Begin the Dream Sequence
Walking back to our separate hotels after the first day of the festival, the day Nick and Sam debuted the tool the class brought, I had a brief conversation with Robbie, the youngest member of the class. He was blown away by everything that Sam and Nick had accomplished in such a short amount of time. They went from an initial idea from Nick to a class brainstorming session with all of Future Class to a built out prototype from Sam and his friend in one week’s time. Robbie was amazed to be involved in the experience of the class and to be at Drumbeat. He said he’d “never been around people like this”, meaning people who just did instead of talked, who thought big and tried despite the fear of failure to create.
I asked him if he was happy he said “yes” to coming. “Yea! This is one of the greatest experiences of my life!”
What about us, here at FutureClass, the collaborative independent study tutorial I’m guiding at Duke, and newly returned from an exhilirating and eye-opening Drumbeat Festival in Barcelona? We’ve been set the challenge to complete some work on the prototype of a classroom attention device that everyone talked about, that one student firestarted with a stunningly subtle idea, and that another, working with a friend not in the class, actually developed independently into an app. Now the Mozilla developers have pledged to help us bring this to full fruition.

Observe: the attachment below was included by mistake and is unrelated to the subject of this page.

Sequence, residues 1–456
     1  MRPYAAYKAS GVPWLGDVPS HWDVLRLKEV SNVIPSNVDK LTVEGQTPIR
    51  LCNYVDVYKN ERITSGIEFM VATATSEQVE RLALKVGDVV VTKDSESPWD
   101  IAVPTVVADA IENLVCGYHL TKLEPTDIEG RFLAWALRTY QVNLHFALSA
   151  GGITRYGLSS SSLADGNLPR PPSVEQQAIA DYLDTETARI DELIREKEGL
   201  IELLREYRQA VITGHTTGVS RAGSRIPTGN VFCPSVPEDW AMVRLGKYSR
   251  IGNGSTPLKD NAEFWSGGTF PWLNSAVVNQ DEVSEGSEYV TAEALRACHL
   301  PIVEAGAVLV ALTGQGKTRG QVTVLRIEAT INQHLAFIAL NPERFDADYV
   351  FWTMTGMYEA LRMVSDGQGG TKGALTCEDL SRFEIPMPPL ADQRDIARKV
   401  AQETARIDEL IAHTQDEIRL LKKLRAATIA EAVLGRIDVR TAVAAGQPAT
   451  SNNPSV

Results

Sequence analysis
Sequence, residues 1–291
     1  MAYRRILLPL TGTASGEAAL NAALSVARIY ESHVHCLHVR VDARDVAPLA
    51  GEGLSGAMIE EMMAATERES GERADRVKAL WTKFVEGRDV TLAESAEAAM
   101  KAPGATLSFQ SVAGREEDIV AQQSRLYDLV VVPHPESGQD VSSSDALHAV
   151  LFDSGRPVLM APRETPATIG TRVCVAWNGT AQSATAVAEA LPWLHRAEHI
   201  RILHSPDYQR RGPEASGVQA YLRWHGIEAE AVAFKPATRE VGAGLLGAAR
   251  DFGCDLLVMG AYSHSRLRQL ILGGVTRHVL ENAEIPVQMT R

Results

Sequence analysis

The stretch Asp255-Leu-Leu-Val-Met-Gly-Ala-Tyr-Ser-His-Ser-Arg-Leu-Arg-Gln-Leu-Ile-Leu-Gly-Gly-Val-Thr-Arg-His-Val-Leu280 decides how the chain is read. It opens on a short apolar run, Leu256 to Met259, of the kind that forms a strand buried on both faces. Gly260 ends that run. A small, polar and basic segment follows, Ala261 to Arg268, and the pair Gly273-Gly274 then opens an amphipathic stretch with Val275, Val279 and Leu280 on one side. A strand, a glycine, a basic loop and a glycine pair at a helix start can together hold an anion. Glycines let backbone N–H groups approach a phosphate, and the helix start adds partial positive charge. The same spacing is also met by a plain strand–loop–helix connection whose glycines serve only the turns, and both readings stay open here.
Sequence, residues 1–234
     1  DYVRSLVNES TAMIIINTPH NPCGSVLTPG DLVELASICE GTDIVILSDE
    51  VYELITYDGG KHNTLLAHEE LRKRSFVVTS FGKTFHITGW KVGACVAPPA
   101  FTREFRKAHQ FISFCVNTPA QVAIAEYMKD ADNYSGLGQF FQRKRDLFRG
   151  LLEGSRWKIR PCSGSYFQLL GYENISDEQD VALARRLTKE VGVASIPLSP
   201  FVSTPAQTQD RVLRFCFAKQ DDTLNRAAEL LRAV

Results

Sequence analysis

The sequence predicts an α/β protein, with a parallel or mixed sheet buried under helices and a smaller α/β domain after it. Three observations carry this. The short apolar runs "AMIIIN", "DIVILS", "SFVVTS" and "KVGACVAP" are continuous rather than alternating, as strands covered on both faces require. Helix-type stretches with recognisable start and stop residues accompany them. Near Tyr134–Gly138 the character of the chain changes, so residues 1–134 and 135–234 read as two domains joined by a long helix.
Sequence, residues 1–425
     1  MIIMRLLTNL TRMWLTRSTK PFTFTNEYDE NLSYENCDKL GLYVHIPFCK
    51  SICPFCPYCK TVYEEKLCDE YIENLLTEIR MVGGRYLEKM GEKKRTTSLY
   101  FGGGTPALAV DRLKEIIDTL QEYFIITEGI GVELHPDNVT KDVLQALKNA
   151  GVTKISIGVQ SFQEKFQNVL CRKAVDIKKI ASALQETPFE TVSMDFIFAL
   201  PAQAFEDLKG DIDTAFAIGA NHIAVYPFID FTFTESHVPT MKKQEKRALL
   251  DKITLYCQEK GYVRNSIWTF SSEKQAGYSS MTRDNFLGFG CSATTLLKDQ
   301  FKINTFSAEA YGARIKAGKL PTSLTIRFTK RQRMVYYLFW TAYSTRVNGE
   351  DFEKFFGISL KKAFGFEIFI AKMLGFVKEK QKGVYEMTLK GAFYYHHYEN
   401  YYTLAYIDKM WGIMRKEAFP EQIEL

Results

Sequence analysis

-Cathy Davidson, Learn Intellectual Property by Doing
On the Tool
The “Classroom Attention Barometer” is a tool to enable interactivity in situations where that is not always possible.
Though it was described as being for a lecture situation, there are other, more intimate settings where a tool that functions as this tool does would be of use.
The premise is that we want a super simple, easy-to-use, HTML-5 based app that lets speakers and lecturers get real-time feedback on their talks. This opens the door for audience members to report their level of attention, comprehension, and engagement with the material being presented.
The prototype of the tool was very basic, written in java, taking advantage of the HTML5 Canvas tag. The way it is used is as follows:
A speaker/lecturer provides the URL to the tool.
People go to the tool on a computer or mobile device they are automatically logged in to the tool. There is a graph output and three buttons:
Up, Down, and Neutral
As people go through the lecture they click one of the buttons to manipulate the graph collectively. This readout is then provided to the lecturer either in real time or after the lecture so that the lecturer can then determine what worked and what flopped
This prototype was just the tip of everything that was discussed in our class sessions, but it was the central component of the all inclusive “class in a box” interactivity kit we discussed.
To follow the development of the tool, visit the Mozilla project wiki: